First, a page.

“If Flynn in fact has direct evidence on Trump, then that suggests that when Trump was trying to put an end to the Flynn investigation by talking to Comey, that he was looking out for himself, that this was obstruction of justice,” Whiting said.
But Whiting said the revelations in the statement of the offense that a senior Trump transition official had directed Flynn to influence the Russian ambassador and other foreign officials could flag another potentially serious development in Mueller’s investigation.
Neither the statement of the offense or Flynn’s plea agreement name the senior Trump official, but Whiting said Flynn’s admission that he took that direction and spoke to Kislyak and other foreign officials, indicates that other high-level Trump transition officials were aware of Flynn’s actions.
“Perhaps even including Trump himself,” Whiting said. “That would of course be a very serious development, particularly since Trump and others have disavowed any knowledge of what Flynn was doing.”
Harry Litman, a law professor at the University of California Los Angeles, said that Mueller will likely use Flynn to secure information related to contacts between Russian officials and the Trump transition team, since Flynn was the point person for Russian contacts during the transition, as well as his short tenure as Trump’s national security adviser.
“Instead of having to connect the dots he just sits Flynn down and says tell me everything,” Litman said in a phone interview. “And Flynn has to because he doesn’t secure any benefits from his cooperation until after he has held up his end of the bargain.”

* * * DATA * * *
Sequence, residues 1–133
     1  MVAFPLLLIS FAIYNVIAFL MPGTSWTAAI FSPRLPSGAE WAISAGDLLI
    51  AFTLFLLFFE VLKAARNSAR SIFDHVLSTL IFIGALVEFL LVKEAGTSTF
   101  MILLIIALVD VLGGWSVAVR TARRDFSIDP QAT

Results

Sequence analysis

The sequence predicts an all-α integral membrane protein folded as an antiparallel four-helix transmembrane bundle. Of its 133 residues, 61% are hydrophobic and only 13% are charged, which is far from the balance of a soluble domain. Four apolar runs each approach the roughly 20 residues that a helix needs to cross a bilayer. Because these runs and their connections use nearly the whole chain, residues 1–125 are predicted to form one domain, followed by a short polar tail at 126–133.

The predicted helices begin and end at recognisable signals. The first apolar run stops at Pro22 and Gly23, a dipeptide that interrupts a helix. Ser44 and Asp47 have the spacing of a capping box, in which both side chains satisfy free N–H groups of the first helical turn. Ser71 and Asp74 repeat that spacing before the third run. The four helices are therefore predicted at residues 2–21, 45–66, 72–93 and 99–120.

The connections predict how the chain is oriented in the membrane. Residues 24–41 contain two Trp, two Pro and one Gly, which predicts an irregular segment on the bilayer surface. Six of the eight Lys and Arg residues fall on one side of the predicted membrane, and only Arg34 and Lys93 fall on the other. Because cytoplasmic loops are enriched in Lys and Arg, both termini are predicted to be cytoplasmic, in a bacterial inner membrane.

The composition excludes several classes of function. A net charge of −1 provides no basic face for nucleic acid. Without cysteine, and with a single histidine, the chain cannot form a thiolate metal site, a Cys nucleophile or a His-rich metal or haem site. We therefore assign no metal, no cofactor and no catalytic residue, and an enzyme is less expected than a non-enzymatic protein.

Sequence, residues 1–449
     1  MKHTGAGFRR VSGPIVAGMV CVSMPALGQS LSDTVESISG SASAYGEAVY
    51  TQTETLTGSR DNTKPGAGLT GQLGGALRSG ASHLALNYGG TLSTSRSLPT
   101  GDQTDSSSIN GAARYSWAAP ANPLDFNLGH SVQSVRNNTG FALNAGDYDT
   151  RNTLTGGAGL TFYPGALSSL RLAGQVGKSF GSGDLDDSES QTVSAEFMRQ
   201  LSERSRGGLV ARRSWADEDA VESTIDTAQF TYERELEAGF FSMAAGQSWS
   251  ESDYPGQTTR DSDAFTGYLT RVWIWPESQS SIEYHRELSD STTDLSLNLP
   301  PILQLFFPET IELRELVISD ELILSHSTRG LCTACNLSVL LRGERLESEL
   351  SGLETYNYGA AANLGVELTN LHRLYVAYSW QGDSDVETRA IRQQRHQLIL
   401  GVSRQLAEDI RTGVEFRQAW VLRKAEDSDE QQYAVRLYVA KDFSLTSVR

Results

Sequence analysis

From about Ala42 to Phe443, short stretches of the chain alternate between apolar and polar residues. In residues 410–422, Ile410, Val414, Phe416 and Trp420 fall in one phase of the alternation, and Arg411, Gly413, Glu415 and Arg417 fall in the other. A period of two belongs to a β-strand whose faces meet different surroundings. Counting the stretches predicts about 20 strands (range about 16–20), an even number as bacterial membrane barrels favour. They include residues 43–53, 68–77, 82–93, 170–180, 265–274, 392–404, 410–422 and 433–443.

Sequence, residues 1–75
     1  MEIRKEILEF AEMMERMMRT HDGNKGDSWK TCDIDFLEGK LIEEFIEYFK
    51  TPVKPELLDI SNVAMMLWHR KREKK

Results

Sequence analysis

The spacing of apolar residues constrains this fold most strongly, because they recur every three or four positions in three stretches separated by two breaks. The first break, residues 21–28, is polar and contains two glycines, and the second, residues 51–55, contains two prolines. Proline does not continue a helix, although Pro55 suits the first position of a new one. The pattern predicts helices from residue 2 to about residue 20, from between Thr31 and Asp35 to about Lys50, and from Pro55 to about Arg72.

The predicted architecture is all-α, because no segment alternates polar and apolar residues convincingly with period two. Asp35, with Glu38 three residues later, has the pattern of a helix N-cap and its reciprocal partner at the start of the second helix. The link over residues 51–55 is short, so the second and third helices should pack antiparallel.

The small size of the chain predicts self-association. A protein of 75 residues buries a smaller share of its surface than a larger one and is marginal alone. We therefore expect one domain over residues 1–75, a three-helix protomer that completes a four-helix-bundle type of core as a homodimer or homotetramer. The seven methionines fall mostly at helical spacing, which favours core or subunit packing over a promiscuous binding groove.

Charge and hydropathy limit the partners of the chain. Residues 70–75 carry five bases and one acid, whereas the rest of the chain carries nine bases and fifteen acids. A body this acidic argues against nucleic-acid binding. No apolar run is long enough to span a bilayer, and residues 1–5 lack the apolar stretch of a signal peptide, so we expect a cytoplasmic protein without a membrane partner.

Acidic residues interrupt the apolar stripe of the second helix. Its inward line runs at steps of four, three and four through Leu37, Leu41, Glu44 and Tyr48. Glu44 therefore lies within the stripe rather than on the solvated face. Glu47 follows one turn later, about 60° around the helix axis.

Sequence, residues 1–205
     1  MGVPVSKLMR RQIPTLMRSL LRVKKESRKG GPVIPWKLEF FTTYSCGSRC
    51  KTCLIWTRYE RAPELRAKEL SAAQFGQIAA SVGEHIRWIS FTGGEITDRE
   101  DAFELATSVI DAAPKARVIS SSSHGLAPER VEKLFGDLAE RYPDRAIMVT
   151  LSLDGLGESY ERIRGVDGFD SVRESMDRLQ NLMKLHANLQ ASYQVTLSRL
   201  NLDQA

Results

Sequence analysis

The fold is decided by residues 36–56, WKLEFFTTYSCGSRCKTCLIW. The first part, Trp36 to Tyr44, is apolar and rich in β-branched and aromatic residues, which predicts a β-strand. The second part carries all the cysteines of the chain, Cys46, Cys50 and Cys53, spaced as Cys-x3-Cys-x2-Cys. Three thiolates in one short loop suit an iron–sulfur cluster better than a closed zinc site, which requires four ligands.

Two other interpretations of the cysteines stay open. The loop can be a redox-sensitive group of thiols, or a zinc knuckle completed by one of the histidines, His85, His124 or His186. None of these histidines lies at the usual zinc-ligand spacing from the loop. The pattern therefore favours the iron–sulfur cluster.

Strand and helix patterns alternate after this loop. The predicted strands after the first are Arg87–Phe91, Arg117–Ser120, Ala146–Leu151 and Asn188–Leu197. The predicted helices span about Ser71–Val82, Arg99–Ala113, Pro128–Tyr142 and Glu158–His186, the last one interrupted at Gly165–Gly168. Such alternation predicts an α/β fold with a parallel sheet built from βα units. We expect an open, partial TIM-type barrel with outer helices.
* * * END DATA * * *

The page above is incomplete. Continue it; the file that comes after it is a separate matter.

According to Litman, a former U.S. attorney, the information Flynn could provide might implicate the president’s senior adviser and son-in-law, Jared Kushner. But Litman said it could also implicate President Trump himself.
In terms of what happens next, Litman said it’s likely that Flynn has made a proffer to Mueller – stating generally the kinds of things he could tell the special counsel – that Mueller probably used to evaluate whether to permit Flynn to plead guilty.
Now that Flynn has entered a guilty plea, Litman says Mueller can formally question Flynn to prepare his testimony.
“Every jot and tittle of everything he knows is now fair game,” Litman said.
He called it “portentous” that a senior Trump transition official directed Flynn to conduct secret foreign policy while President Obama was still in office.
“Trump and others, if Flynn is to be believed, were kibitzing in the actual conduct of foreign policy with a hostile power,” Litman said.
Beyond violating an American political norm, Litman said that could also be unconstitutional.
“I think it breaks the Constitution itself, which says, the president — that would have been Barack Obama at the time — and only the president is the commander in chief for conducting foreign policy,” he explained. “So that strikes me as a potentially impeachable offense.”
Flynn was fired by President Donald Trump after just 24 days on the job. At the time, Trump said he let the retired Army three-star general go for lying to Vice President Mike Pence.
Flynn was previously fired from his Defense Intelligence Agency director post by the Obama administration.